to the Editor

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Tuesday, December 22, 1998


Electing judges has many serious pitfalls

I wholeheartedly support Wilbert Wong's sentiments (Letters, Dec. 4) that society needs strong, independent judges who should be paid just wages. However, I question his suggestion that in order to have strong, independent judges, they must be elected:

bullet when judges are elected, they need to raise campaign funds. Judges in elective states receive hundreds of thousands and even millions of dollars in campaign contributions. These come mainly from those who appear before them and from special-interest groups whose cases may be decided by them. The contributions raise serious issues of conflict of interest.

bullet Judicial campaigns do not help voters make a better choice because candidates for judges cannot promise to decide certain types of cases in a certain way. An ethical judicial candidate can only promise to decide each case according to the evidence and requirements of the law.

bullet In many jurisdictions where judicial elections are held, many candidates run unopposed, leaving the voter no choice at all.

bullet Public confidence in our judicial system will be undermined if judges were to make rulings based on campaign obligations or popular sentiment instead of the facts, the circumstances of each case and applicable law.

Interestingly, several elective-judge states, fed up with multimillion-dollar campaigns, are currently considering or are in the process of adopting a non-elective process similar to Hawaii's merit selection system.

James A. Kawachika
Hawaii State Bar Association

The president
under siege

President resisted temptation for a long time

The Monica Lewinsky testimony in front of the grand jury gave information that has not had proper press attention.

She reported that there were numerous contacts of a pleasurable nature without consummation until near the end of her relationship with the president, despite Miss Lewinsky's pleadings.

While I don't generally condone this degree of sexual overcontrol, it does give me added confidence in these circumstances that our commander in chief, the man with his finger on the nuclear button, did not lose control of himself until the end.

Do all those who are calling for his impeachment and removal think they could have resisted for so long under similar circumstances?

Tom Loomis
(Via the Internet)

GOP attempt to undo election is shameful

I'm beginning to think that I've been asleep for the past couple of years.

Weren't the people of the United States aware of the problems that President Clinton was having? I mean, hey guys, in the midst of all that was going on, the citizens of the United States voted to keep the president in office.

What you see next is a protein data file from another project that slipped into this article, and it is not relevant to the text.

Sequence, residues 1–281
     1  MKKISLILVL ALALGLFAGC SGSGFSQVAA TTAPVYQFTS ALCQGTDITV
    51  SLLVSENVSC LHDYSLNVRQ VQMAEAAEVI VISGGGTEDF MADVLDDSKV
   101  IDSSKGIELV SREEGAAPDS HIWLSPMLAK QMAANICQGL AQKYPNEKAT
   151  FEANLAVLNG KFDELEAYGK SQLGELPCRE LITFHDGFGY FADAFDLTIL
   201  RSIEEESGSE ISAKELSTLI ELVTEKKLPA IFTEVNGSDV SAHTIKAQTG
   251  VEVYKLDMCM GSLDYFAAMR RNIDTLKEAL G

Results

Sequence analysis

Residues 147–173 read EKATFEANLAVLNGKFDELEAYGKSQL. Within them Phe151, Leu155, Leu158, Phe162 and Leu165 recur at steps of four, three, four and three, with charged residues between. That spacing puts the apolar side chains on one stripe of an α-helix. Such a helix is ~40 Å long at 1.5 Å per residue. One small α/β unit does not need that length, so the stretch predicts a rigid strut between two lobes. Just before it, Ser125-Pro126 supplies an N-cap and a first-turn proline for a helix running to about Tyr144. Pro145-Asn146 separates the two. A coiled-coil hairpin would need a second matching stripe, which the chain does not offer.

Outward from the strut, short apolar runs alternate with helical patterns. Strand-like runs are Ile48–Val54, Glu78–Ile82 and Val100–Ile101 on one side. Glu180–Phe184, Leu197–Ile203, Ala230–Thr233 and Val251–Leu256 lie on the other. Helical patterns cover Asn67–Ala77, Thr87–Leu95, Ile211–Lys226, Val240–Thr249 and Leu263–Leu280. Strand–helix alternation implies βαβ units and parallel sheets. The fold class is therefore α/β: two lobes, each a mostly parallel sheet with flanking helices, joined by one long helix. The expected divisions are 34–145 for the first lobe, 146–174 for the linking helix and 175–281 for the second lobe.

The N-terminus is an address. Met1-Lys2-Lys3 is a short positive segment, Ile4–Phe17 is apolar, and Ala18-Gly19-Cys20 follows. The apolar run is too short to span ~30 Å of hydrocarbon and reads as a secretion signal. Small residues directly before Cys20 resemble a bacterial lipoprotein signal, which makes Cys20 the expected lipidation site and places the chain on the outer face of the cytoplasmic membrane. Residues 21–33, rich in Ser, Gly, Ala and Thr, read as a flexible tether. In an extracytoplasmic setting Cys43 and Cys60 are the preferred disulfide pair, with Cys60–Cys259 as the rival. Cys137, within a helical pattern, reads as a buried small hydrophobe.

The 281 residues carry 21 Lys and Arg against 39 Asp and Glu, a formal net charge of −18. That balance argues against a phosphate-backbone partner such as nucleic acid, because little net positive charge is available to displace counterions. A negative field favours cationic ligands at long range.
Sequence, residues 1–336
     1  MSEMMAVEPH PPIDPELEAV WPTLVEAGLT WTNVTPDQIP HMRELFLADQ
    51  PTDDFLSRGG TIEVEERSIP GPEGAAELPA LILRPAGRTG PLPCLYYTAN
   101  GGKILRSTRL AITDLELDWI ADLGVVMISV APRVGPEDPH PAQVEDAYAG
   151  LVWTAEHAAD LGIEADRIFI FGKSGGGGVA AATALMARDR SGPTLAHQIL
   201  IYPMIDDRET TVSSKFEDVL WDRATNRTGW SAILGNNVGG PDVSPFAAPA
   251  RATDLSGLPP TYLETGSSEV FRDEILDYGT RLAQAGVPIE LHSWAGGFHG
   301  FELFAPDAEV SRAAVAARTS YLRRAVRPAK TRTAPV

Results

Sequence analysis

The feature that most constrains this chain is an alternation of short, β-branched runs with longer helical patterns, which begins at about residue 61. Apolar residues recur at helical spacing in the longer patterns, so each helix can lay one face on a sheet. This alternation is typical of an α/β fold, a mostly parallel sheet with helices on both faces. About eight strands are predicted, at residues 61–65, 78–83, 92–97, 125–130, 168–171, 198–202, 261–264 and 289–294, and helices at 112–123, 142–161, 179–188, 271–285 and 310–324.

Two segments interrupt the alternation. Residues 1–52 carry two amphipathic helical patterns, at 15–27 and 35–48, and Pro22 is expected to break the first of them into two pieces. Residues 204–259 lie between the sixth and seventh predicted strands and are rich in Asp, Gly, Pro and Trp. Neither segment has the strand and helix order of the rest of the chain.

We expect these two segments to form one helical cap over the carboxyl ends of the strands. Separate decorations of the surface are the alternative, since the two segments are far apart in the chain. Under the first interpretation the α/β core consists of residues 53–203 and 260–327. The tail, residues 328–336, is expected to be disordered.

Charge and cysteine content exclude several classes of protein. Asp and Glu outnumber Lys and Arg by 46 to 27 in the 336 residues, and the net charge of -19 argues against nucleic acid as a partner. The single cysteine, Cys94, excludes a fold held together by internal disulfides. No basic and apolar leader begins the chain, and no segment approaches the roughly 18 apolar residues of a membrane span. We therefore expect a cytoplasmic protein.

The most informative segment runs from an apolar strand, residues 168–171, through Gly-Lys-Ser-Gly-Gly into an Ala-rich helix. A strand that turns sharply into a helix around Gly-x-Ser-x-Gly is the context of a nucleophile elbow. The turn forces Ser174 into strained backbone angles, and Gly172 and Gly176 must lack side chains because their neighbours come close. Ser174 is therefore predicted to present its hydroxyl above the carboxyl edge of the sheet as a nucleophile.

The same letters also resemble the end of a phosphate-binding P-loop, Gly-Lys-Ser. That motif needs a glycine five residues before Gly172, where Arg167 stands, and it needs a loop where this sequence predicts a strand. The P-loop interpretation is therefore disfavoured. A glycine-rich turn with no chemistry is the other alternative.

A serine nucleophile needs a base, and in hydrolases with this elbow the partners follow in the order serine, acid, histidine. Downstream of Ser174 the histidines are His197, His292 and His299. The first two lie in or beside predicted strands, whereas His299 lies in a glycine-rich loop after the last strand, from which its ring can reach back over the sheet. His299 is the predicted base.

Now, elected officials of this country have taken it upon themselves (whatever their agenda) to disregard the voters of this country and remove the president from office.

They couldn't keep him from being re-elected, so they having taken it upon themselves to unelect him. Shame!

Caroline Dunn
(Via the Internet)

Glad to see Hillary is rising above scandal

Maureen Dowd's Dec. 11 column professed puzzlement at Hillary Clinton's newly glamorous public image. Mrs. Clinton is doing a tremendous service for abused women everywhere.

She is demonstratng that her self-esteem is not bound up with her husband's identity. Her recent "Save America Tour" and other appearances demonstrate that her husband's disgrace does not cripple her effectiveness or diminish her position as a leading national figure.

In separating herself from her husband's humiliation, she is demonstrating that her role is not that of rescuer or of making excuses for her husband. Whether she chooses to leave the swine or stay with him, she is making it very clear that she is certainly not the "Needy Little Woman."

Mrs. Clinton is not alone in establishing her own person. A whole new generation of women, who share her outlook, is maturing in this country. If they allow men to twist in the wind for their own misdeeds, it can only be good for children, families and the nation. Everybody wins.

Beverly Kai
(Via the Internet)

Great man or sex fiend? Women must decide

If, as Jane Watanabe stated in her defense of Bill Clinton in a Dec. 17 letter, "we are mere animals under the natural law" and "great men...have great appetites for great sex," then she shouldn't mind too much when those men hoot and holler, whistle and grovel to get women's attention.

Doesn't that sound like sexual harrassment? Which one is it ladies; is Clinton a great man or a sex fiend? You decide.

Victor Moss
(Via the Internet)

Lewinsky may leave explosive legacy

Will history regard Monica Lewinsky as the face that launched a thousand cruise missiles?

George I. Nakamura
(Via the Internet)

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